Everything Smaller’s Building It Up and Breaking It Down at Triskelion Arts
What excites me about the dance company everything smaller is just about everything: their collaborative work, their athleticism, their art, and their dedication. The company’s latest piece, Building It Up and Breaking It Down performed at Triskelion Arts in March, is the first piece I have seen in a long time, choreographed by a newer company, that isn’t trying to be something it is not. It was perhaps the most honest work I’ve experienced recently. Not because they bared their souls on stage, confessing personal details, but more simply they had a great time. There was no ego or contrived effort to seem deep—too many young choreographers think a piece needs to have these elements. Instead, proving this theory wrong, Building it Up and Breaking it Down had a much more important element: substance.
The piece captures the role of games in the lives of children and adults. Two tiny kid’s chairs, one in orange and one in blue, aptly set the scene. Donnell Turner and John Peery bring us back to our childhood with soft voices and playful faces. “I once put 22 bouillon cubes in my mouth at one time,” Turner says, and Peery stuffs Turner’s face with marshmallows. They wrestle to the ground, strike a pose mouth-to-mouth, and rotate like a scene in the Matrix, highlighting the three-dimensional angles of the fight—a comic element that lends depth and new perspective to the light-hearted fun facing us. Jessica Jolly and David Schmidt’s presence upstage in dim lighting brings a serious undertone to what’s staged before them. Their eventual forward movement, athletic, low to the ground and aggressive, mimics an adult game rather than a child’s.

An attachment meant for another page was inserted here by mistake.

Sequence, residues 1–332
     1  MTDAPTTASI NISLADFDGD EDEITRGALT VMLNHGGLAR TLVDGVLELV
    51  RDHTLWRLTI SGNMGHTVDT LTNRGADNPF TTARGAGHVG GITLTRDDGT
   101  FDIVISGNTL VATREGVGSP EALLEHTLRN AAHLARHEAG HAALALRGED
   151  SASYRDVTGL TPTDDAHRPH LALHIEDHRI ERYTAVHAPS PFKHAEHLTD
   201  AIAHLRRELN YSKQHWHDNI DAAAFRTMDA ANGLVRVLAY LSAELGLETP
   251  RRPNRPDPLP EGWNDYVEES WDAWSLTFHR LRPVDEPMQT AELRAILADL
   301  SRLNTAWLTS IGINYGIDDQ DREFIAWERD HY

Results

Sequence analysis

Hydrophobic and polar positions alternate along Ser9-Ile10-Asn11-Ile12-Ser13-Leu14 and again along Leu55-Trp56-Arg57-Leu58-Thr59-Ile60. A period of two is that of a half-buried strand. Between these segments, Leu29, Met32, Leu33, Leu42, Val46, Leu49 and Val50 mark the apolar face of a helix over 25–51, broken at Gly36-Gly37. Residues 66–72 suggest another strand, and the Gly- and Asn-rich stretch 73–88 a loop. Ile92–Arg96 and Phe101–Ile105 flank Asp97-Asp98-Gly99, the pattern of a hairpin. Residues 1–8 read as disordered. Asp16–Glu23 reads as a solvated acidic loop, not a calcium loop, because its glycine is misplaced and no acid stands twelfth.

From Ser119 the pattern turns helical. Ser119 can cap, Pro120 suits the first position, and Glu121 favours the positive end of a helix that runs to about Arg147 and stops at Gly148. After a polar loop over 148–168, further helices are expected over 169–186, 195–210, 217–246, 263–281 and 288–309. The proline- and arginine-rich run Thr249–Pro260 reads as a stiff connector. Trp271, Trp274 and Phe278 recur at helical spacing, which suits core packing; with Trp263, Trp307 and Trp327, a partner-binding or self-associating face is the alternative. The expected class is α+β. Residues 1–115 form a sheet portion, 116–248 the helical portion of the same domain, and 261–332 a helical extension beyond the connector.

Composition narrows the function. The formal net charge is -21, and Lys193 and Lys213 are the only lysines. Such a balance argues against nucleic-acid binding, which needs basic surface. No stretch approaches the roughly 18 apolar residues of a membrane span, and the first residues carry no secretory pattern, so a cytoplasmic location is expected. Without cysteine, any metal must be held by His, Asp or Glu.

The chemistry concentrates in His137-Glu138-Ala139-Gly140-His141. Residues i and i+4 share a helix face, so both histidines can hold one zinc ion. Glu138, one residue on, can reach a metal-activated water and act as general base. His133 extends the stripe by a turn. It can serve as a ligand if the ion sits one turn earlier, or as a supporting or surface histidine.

Games of musical chairs and conversation replays intersperse with fight-like stances and repeated circles on the ground. The company successfully manages to meld theater with dance by incorporating collaborative physical interactions that pack in as much emotion as they do physicality. One performer tries to talk to another who ignores her by doing handstands or looking around. Their movement becomes a conversation and choreographed from partnered improvisation, it is the physical embodiment of trust. Their partnering incorporates lifts, holds, lunges, leaps, windmills and falls into each other and through each other. It is contact improvisation taken to its ultimate choreographic peak. Their athleticism calls upon images of Dorfman and other dance artists who push the body to extreme limits. What’s different and delightful is that this group has unique phrasing and vision. Their bodies work well together, as does their collaborative invention. Watching their movement is like watching confetti fly and unfold in the wind.
A rough physical section in the middle of “Building it Up” ends in a poignant mock-up of a family portrait. The dancers start singing an off key and overdramatic version of “Not a Rose for Emily” which leads into a reinterpreted scene from “Sex and the City.” The piece climaxes in power struggles and competition amongst the dancers. Their kaleidoscope of wide-reaching movements is mirrored by a brilliant sound wash.
The games they play, the relationships they test in hugs, kisses, falls, and fights are brought to a peak when in the end one dancer becomes the subject of everyone else’s kisses. Then the love is shared as they kiss and touch another dancer, rotating through the group. In what I thought was an odd attempt at being cute, the company promised that I’d leave the piece “feeling tenderly kissed.” To my delight, I found that, quite frankly, it was true.